WHO’s priority in the area of health systems is moving towards universal health coverage. WHO works together with policy-makers, global health partners, civil society, academia and the private sector to support countries to develop, implement and monitor solid national health plans. In addition, WHO supports countries to assure the availability of equitable integrated people-centred health services at an affordable price; facilitate access to affordable, safe and effective health technologies; and to strengthen health information systems and evidence-based policy-making.
Noncommunicable diseases (NCDs), including heart disease, stroke, cancer, diabetes and chronic lung disease, and mental health conditions - together with violence and injuries - are collectively responsible for more than 70% of all deaths worldwide. Eight out of 10 of these deaths occur in low- and middle-income countries. The consequences of these diseases reach beyond the health sector and solutions require more than a system that prevents and treats disease.
Promoting health through the life-course
Promoting good health through the life-course cuts across all work done by WHO, and takes into account the need to address environment risks and social determinants of health, as well as gender, equity and human rights. The work in this biennium has a crucial focus on finishing the agenda of the Millennium Development Goals and reducing disparities between and within countries.
WHO is working with countries to increase and sustain access to prevention, treatment and care for HIV, tuberculosis,malaria and neglected tropical diseases and to reduce vaccine-preventable diseases. MDG 6 (combat HIV/AIDS,malaria and other diseases) has driven remarkable progress but much work remains.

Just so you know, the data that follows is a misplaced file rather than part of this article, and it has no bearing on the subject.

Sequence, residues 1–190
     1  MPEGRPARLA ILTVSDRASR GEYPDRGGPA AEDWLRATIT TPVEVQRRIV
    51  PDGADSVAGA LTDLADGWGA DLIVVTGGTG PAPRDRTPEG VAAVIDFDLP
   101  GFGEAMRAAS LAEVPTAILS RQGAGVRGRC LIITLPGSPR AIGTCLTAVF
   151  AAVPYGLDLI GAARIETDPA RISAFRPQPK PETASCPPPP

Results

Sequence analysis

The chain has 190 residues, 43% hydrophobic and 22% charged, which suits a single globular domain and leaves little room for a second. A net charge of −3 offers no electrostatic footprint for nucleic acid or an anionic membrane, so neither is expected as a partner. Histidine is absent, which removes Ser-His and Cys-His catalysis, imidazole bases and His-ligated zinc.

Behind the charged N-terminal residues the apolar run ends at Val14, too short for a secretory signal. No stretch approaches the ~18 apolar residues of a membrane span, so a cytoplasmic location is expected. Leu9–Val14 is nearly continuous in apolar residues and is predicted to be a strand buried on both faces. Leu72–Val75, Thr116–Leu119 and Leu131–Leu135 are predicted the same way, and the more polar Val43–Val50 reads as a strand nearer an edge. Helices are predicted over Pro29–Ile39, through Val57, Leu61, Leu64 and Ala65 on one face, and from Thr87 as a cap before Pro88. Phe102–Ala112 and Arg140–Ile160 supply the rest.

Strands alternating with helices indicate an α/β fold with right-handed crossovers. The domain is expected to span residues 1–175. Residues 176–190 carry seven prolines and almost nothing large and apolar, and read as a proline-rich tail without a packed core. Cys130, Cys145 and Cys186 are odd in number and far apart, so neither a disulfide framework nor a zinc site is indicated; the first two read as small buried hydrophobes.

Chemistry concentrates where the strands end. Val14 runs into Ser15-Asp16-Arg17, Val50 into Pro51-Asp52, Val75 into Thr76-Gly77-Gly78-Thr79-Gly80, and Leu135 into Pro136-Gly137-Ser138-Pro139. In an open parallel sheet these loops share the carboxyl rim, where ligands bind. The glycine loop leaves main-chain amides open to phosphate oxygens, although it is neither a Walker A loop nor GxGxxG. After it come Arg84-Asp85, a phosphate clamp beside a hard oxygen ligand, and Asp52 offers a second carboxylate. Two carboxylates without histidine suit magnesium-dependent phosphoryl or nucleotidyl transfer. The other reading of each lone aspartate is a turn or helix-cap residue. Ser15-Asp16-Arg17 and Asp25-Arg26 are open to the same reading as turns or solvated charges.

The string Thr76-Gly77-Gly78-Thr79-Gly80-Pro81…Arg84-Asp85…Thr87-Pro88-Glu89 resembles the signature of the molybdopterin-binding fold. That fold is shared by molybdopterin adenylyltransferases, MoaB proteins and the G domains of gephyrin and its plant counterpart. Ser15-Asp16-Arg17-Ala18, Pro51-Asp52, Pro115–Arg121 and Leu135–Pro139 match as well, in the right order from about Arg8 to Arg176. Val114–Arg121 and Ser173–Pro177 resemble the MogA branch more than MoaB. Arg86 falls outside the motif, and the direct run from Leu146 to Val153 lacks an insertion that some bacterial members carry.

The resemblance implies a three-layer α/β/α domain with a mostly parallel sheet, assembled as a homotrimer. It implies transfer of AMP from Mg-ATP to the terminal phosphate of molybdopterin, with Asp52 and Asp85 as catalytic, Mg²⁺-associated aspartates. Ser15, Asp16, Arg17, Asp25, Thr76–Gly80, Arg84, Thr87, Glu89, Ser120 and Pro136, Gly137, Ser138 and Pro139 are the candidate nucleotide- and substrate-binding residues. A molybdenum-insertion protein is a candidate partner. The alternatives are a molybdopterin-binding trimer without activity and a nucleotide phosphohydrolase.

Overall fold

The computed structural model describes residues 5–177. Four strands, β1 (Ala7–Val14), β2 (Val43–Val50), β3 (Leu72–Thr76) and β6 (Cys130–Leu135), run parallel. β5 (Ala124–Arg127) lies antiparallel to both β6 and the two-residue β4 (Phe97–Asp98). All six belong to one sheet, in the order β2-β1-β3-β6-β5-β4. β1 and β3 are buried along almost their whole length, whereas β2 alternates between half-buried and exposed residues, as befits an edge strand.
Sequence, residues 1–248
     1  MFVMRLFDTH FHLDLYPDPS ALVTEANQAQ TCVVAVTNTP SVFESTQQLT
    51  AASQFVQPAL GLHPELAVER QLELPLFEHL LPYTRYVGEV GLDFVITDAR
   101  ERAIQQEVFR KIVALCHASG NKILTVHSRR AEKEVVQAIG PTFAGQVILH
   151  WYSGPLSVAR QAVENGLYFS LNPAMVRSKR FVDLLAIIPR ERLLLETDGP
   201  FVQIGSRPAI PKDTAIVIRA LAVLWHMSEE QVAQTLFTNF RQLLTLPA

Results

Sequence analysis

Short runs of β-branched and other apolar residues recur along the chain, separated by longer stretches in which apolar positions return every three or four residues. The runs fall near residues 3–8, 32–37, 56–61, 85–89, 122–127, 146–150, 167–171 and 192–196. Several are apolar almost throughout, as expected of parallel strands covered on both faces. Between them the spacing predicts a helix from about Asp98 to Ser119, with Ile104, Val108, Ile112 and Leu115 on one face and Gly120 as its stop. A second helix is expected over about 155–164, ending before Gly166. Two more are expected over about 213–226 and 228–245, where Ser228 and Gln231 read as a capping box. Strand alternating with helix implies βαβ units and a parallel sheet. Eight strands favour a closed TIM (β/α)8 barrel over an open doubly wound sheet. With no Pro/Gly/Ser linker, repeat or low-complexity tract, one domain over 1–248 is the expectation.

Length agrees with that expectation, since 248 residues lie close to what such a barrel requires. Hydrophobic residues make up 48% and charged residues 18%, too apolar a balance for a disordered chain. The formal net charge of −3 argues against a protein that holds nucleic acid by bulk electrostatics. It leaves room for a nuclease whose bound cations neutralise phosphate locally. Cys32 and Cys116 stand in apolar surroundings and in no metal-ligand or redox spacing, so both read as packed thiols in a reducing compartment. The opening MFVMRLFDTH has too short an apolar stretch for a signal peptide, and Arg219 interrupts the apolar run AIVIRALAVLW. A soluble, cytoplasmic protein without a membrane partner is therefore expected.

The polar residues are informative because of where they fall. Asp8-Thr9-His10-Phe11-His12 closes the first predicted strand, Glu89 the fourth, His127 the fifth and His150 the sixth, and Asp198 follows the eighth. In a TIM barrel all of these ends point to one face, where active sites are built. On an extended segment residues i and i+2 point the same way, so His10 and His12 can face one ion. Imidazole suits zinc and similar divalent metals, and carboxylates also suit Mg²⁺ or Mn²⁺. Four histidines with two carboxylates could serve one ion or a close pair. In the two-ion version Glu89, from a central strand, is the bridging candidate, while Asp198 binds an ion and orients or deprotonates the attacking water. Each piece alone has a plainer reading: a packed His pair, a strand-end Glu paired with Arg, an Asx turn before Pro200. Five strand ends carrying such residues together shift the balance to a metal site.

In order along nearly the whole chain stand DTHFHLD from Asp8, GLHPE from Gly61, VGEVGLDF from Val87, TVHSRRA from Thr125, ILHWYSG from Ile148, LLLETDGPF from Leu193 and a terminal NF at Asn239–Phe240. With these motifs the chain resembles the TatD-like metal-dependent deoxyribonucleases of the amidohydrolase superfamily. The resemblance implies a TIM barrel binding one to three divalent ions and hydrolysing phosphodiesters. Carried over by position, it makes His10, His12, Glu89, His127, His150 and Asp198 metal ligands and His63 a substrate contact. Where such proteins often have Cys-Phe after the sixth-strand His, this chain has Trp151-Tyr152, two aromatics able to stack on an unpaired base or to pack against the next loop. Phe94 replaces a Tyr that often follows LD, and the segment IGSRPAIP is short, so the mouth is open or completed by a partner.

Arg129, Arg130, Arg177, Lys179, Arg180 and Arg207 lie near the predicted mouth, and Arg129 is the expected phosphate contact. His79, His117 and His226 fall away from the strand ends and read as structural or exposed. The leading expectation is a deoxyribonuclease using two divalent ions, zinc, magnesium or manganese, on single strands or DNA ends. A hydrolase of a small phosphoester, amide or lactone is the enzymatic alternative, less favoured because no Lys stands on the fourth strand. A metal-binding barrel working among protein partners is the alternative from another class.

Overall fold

Preparedness, surveillance and response
During emergencies, WHO’s operational role includes leading and coordinating the health response in support of countries, undertaking risk assessments, identifying priorities and setting strategies, providing critical technical guidance, supplies and financial resources as well as monitoring the health situation. WHO also helps countries to strengthen their national core capacities for emergency risk management to prevent, prepare for, respond to, and recover from emergencies due to any hazard that pose a threat to human health security.
Corporate services provide the enabling functions, tools and resources that makes all of this work possible. For example, corporate services encompasses governing bodies convening Member States for policymaking, the legal team advising during the development of international treaties, communications staff helping disseminate health information, human resources bringing in some of the world’s best public health experts or building services providing the space and the tools for around 7000 staff to perform their work in 1 of WHO’s more than 150 offices.